Indulge self while maintaining healthy weight
August 25, 2013 10:30 PM | 1193 views | 0 0 comments | 15 15 recommendations | email to a friend | print
By guest columnist Dr. Susie Rockway

With the recent declaration from the American Medical Association that obesity now should be considered a disease, the United States officially becomes an even more afflicted union. Obesity, which affects 78 million adults and 12 million children, causes a plethora of other illnesses, including cardiac disease and diabetes.

“It’s clear that a really fundamental paradigm shift in lifestyle is needed for an enormous swath of the U.S. population – but there are also Americans who have already reshaped their eating and exercise habits, and they’re looking to not only maintain their health, but also take it to the next level,” says Dr. Susie Rockway, a veteran nutritional and biochemical expert in the U.S. health industry.

“These are often busy, professional people who make an effort to eat healthy with most meals and make time throughout the workweek to move their body and get their blood pumping.”

Still, they also want to be able to enjoy an indulgent meal every once in a while – birthdays, family barbecues or date night with the spouse. Dr. Rockway offers tips for people who want to maintain their weight while still enjoying the occasional burger, chicken wing or greasy pizza slice:

 Food diary: So, nine times out of 10 you eat healthy, eh? That may not really be true, but a food diary can help clear up any confusion. How much fattening mayo was used to make that tuna salad? If you’ve sworn off meat, are you getting enough protein and are you eating too many carbohydrates? What kind of carbs are they? Are you eating a diverse diet that provides all the necessary nutrients? A food diary will help challenge your assumptions and make you more aware of everything you’re eating, how much and where you might make healthy adjustments.

 Stay hydrated: Whether you’ve upped the ante on your workouts or you’re consuming too much salt or too many caffeinated beverages, which act as a diuretic, doctors and researchers believe as many as 75 percent of Americans experience dehydration throughout the day. Dehydration can make you confuse thirst for hunger, cause fatigue and a fuzzy memory.

 Lineatabs www.lineatabs.com: This meal supplement has been popular in Europe for 11 years and recently became available in the United States. Lineatabs contains Solusitan, an all-natural fat-binding complex. Unlike other fat-binding supplements, Lineatabs dissolve in water to become an effervescent citrus flavored beverage that users consume before or while eating a fatty meal. Since the dietary fibers in Lineatabs are dispersed in water are not compressed into a tablet, they’re immediately available to bind with fats, turning them into an indigestible liquid mass. The tabs are perfect for people who follow a healthy diet but occasionally eat a greasy-fatty meal. The ingredients in Lineatabs are clinically proven to help reduce body weight, in combination with a calorie-restricted diet, and can also help maintain healthy cholesterol levels. Additionally, Lineatabs encourages hydration, as it makes you drink more water.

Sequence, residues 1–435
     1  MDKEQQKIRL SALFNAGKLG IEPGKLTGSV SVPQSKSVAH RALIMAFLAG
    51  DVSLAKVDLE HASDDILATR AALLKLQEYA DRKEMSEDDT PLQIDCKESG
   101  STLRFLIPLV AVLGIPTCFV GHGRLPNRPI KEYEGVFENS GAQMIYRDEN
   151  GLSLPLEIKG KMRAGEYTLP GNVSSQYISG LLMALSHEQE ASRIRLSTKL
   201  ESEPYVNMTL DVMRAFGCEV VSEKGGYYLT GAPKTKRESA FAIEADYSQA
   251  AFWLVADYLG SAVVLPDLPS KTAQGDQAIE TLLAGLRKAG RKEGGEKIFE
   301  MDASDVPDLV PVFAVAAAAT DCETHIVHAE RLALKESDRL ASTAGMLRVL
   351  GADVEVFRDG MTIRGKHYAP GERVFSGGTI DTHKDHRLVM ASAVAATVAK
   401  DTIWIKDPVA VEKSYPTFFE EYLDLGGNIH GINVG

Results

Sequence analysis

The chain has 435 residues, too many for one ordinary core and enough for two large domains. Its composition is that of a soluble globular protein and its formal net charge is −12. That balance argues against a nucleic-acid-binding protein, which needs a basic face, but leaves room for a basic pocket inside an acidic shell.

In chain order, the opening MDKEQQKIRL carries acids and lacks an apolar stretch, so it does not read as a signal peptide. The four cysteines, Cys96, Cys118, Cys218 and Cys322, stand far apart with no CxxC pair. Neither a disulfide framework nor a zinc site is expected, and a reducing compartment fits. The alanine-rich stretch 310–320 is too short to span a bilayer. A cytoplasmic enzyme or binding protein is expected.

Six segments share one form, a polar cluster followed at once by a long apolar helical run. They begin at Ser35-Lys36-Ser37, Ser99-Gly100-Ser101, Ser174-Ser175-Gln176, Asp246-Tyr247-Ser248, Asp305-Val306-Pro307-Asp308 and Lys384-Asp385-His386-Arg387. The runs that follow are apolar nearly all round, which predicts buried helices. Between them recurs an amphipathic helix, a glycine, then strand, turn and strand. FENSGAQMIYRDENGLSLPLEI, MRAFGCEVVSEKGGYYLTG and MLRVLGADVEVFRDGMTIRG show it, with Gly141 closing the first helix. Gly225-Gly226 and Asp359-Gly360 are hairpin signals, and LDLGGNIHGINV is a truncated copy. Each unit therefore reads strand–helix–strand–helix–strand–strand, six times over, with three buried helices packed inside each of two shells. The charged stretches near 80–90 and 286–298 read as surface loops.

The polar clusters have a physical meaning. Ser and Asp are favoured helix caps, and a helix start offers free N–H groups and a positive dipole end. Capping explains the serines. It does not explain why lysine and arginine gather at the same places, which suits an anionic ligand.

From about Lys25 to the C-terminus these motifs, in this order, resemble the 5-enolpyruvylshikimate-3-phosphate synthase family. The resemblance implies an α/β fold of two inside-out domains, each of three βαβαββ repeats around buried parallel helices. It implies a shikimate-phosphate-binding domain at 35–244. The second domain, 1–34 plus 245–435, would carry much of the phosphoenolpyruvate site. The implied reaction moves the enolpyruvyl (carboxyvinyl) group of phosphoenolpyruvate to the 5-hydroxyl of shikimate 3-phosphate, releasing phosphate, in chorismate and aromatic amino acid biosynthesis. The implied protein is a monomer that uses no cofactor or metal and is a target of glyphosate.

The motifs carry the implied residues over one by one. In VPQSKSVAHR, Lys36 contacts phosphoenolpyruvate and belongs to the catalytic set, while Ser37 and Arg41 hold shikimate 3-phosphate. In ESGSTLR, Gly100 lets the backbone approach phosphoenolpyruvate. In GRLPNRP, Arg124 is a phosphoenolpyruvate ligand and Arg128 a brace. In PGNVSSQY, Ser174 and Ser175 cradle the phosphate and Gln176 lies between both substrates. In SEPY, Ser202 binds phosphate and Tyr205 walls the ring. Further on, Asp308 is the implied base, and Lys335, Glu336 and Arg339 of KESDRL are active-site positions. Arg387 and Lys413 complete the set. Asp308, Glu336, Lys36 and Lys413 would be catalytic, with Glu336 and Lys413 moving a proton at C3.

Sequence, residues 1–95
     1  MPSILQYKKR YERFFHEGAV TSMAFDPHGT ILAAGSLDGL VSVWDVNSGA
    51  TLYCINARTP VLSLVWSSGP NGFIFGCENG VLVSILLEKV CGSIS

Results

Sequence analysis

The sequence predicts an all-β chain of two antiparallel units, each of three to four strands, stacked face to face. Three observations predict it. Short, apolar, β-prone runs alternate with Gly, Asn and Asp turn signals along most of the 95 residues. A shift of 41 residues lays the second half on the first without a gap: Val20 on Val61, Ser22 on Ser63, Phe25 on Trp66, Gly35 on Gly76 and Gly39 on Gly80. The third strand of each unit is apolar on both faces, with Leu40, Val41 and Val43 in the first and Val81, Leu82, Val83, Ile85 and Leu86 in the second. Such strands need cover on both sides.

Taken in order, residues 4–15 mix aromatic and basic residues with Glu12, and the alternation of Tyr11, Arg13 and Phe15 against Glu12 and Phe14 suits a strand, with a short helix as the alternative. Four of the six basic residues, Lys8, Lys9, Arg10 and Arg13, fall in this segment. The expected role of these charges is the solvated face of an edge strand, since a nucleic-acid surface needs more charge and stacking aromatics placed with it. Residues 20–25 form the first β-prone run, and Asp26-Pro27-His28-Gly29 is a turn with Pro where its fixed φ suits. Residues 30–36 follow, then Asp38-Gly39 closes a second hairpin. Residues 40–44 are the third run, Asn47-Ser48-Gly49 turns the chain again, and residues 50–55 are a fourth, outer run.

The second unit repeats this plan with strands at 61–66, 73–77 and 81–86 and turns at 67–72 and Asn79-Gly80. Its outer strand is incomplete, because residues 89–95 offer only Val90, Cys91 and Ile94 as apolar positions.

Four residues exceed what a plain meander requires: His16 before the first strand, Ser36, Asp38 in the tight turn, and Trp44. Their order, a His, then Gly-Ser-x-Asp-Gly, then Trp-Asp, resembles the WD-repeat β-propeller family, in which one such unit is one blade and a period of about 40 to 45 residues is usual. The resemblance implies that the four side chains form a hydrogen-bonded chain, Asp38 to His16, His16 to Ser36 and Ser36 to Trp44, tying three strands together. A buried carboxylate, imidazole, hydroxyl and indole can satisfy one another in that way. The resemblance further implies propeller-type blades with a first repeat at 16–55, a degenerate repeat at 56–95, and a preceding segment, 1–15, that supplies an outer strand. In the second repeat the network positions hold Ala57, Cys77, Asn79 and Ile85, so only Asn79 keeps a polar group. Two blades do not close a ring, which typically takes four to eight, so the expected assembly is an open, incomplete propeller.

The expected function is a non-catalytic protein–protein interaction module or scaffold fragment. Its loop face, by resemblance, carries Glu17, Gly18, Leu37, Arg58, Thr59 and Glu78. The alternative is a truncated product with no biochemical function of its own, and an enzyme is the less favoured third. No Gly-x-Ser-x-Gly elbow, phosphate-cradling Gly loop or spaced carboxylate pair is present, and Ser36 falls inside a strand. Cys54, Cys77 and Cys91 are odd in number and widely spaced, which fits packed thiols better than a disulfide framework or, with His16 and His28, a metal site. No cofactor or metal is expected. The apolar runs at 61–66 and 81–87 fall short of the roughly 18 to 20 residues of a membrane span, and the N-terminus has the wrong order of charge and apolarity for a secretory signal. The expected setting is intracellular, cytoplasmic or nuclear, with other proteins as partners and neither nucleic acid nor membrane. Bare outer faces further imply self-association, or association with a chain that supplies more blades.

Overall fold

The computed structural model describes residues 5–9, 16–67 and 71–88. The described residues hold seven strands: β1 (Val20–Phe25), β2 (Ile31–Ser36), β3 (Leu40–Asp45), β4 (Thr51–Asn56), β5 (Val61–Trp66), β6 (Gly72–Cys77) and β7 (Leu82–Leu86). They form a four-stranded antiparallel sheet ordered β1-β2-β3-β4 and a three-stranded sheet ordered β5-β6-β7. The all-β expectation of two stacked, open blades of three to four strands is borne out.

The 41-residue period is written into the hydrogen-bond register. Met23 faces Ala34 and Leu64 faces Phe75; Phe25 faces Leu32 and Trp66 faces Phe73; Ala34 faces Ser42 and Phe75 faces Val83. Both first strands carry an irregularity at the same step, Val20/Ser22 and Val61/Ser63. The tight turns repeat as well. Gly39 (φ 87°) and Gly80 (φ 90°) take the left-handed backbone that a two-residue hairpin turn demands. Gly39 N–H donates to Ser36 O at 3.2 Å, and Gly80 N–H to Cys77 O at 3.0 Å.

 Relaxation: If you’re always on the go, chances are you may be suffering from excessive stress, which according to the American Journal of Epidemiology, raises levels of cortisol, a hormone that can make you feel hungry. Stress can also make busy people more prone to comfort eating, including excessive amounts and foods filled with fat, sugar and salt. Consider breathing techniques, yoga or meditation for handling a busy schedule.

 Slightly increase/mix-up cardio: It’s easy to get into a routine in your workout. After a certain point, however, your body gets used to the exercise and you get less of a workout. You don’t have to drastically alter things though; increasing the incline on your treadmill by just 5 percent can help you lose 15 percent more calories during your walk/jog/run. If you want more muscle definition, consider trading a walk for a shorter jog, or a jog for a shorter sprint.

Dr. Susie Rockway, Ph.D., C.N.S., is a veteran nutritional and biochemical expert and is a multi-decade industry expert. She has worked for multiple companies in executive capacities, including as an executive director of product development, a director of research, and a manager for science developing health and wellness products, where she communicated nutrition and new science updates to consumers. She has also designed testing strategies for clinical efficacy studies.

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